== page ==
Our objective was to evaluate the incidence of colorectal tuberculosis in our series and to study its radiological spectrum. A total of 684 cases of proven gastrointestinal tuberculosis with positive barium contrast findings seen over a period of more than one decade were evaluated. The study did not include cases where colon was involved in direct contiguity with ileo-caecal tuberculosis. Seventy-four patients (10.8%) had colorectal tuberculosis. Commonest site involved was transverse colon, closely followed by rectum and ascending colon. Radiological findings observed were in the form of strictures (54%), colitis (39%) and polypoid lesions (7%). Complications noted were in the form of perforations and fistulae in 18.9% of cases. Colorectal tuberculosis is a very common site for gastrointestinal tuberculosis. Typical findings of colorectal tuberculosis are strictures, signs of colitis and polypoid lesions. Common complications are perforation and fistulae.
"Gastrointestinal tuberculosis can be identified in any age group and the presenting symptoms are generally nonspecific . Isolated tuberculosis involvement in the colon is rare and constitutes 2-10.8% of all gastrointestinal tuberculosis cases  . Diagnosis of patients with isolated colon involvement is highly problematic, especially in the absence of pulmonary infection. "
[Show abstract][Hide abstract] ABSTRACT: Gastrointestinal tuberculosis occurs most often in the ileocecal region, but it can also occur in other locations in the gastrointestinal system. However, few cases with isolated gastrointestinal involvement have been reported. A 27-year-old female presented with abdominal pain, fatigue, weakness, weight loss, and anorexia. A mass was identified in her right lower abdominal quadrant on physical examination. Abdominal computed tomography (CT) showed a thickened right colon wall with marked narrowing of the lumen, and mucosal ulcers at the hepatic flexure and circular narrowing of the lumen 10cm distal to these lesions were identified on colonoscopic examination. Laparoscopic right hemicolectomy was performed due to the fact that malignancy could not be rule out. Gastrointestinal tuberculosis is often confused with inflammatory diseases, and even histopathological diagnosis is difficult in most cases. In addition to this, differentiation between malignancies and infectious diseases is also necessary.
[Show abstract][Hide abstract] ABSTRACT: .
Despite the fact that major progress has been made in the development of new strategies for diagnosing and treating tuberculosis,
the disease still remains a huge challenge for the world's health care. Numerous causes are responsible for this threat, but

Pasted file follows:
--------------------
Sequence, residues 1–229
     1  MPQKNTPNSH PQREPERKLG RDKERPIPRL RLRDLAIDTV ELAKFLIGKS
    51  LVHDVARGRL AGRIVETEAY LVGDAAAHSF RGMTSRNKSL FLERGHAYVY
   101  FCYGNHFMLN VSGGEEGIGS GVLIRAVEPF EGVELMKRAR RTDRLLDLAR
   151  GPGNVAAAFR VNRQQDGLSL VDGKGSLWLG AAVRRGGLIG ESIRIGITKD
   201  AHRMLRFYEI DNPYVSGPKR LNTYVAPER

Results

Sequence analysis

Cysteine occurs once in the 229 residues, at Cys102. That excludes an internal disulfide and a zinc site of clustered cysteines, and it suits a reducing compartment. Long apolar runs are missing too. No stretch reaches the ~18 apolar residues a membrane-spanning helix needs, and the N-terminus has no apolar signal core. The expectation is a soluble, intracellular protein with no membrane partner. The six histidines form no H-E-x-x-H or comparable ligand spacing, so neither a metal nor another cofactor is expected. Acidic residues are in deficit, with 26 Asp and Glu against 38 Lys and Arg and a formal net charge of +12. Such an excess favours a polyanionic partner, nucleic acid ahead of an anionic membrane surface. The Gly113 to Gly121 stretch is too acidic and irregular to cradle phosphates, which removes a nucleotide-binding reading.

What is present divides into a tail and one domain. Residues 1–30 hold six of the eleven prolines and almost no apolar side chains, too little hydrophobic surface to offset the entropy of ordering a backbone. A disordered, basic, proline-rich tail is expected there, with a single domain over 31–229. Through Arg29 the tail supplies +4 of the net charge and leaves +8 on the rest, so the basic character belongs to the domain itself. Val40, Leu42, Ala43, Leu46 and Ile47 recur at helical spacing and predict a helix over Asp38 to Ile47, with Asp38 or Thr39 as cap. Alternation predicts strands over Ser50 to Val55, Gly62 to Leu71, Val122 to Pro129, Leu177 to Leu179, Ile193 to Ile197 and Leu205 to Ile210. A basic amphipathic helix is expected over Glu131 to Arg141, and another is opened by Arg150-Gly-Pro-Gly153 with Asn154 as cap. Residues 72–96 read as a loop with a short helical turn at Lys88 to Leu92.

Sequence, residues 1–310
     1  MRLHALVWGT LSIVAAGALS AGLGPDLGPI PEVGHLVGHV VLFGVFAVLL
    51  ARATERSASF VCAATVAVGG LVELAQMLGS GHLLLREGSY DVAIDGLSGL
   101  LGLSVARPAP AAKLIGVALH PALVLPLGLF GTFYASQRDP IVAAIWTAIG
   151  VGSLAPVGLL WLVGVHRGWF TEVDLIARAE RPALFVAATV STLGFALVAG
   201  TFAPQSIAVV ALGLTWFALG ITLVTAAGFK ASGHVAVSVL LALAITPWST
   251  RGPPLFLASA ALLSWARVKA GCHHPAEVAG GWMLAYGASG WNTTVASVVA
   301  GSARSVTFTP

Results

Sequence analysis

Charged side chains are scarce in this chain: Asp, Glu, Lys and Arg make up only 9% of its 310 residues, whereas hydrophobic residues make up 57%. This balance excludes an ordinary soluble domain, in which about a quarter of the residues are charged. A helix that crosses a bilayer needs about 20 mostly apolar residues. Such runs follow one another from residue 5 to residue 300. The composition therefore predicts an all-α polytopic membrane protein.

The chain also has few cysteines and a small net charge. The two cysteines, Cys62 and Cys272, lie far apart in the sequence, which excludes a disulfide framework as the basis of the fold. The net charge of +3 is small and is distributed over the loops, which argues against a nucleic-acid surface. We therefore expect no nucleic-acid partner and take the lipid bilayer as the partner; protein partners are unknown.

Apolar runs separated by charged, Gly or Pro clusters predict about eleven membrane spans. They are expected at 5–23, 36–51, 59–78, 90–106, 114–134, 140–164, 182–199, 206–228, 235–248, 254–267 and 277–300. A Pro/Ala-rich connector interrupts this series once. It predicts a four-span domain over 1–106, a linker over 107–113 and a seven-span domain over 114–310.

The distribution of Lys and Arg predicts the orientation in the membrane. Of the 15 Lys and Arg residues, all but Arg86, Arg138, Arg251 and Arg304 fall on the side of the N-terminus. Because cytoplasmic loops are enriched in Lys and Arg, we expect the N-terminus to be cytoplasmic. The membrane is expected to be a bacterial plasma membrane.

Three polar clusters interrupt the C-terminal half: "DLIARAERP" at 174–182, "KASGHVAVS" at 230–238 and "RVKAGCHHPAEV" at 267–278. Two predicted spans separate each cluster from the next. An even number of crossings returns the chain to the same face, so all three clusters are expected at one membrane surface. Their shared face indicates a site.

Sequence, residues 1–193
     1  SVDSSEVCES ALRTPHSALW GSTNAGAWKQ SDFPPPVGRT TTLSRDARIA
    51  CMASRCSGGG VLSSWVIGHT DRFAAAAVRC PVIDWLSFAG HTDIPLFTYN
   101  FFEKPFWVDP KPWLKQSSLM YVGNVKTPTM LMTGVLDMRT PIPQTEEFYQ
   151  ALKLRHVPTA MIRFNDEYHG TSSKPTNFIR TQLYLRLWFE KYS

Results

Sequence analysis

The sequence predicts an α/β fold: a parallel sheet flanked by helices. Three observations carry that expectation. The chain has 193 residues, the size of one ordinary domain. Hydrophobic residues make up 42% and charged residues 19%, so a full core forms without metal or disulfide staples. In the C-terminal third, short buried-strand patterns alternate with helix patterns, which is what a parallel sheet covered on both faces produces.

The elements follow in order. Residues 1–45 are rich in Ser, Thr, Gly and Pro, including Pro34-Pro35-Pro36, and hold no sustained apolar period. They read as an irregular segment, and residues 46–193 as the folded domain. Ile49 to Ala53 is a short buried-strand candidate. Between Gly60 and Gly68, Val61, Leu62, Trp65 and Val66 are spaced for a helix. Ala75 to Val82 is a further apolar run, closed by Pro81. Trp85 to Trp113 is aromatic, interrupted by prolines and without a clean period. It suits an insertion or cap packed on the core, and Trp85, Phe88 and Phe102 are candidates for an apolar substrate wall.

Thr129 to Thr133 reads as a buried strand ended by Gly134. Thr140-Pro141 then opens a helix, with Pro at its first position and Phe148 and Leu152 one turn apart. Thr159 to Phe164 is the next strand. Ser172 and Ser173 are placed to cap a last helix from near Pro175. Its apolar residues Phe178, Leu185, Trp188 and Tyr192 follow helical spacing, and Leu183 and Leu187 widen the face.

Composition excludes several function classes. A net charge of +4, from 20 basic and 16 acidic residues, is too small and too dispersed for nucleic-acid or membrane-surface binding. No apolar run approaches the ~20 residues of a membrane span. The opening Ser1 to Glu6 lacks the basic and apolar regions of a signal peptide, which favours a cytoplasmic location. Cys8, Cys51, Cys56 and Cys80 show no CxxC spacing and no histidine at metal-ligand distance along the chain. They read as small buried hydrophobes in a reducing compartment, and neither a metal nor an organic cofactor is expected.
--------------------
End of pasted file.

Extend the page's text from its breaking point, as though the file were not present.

many of them cannot be resolved since a lot have cultural and social roots which cannot be changed easily. Furthermore, not
all countries in the world have enough financial resources to provide essential support for their educational and therapeutic
programs. One of the major challenges for tuberculosis is to deal with the growing and changing epidemic around the world,
especially in the "low-income" countries. A new generation of clinicians as well as radiologists should be prepared to consider
this "almost forgotten" disease as a new challenge at the beginning of this new millennium.
European Radiology 09/2003; 13(8):1767-70. DOI:10.1007/s00330-002-1636-3 · 4.01 Impact Factor
[Show abstract][Hide abstract] ABSTRACT: This article discusses the range of manifestations of tuberculosis (TB) of the abdomen, including involvement of the gastrointestinal tract, the peritoneum, mesentery, omentum, abdominal lymph nodes, solid abdominal organs, the genital system and the abdominal aorta. Abdominal TB is a diagnostic challenge, particularly when pulmonary TB is absent. It may mimic many other abdominal diseases, both clinically and radiologically. An early correct diagnosis, however, is important in order to ensure proper treatment and a favorable outcome. Modern imaging is a cornerstone in the early diagnosis of abdominal TB and may prevent unnecessary morbidity and mortality. Generally, CT appears to be the imaging modality of choice in the detection and assessment of abdominal tuberculosis, other than gastrointestinal TB. Barium studies remain superior for demonstrating mucosal intestinal lesions. Ultrasound may be used for follow-up to monitor therapy response. The diagnosis of abdominal TB should be considered if suggestive imaging findings are found in patients with a high index of suspicion.
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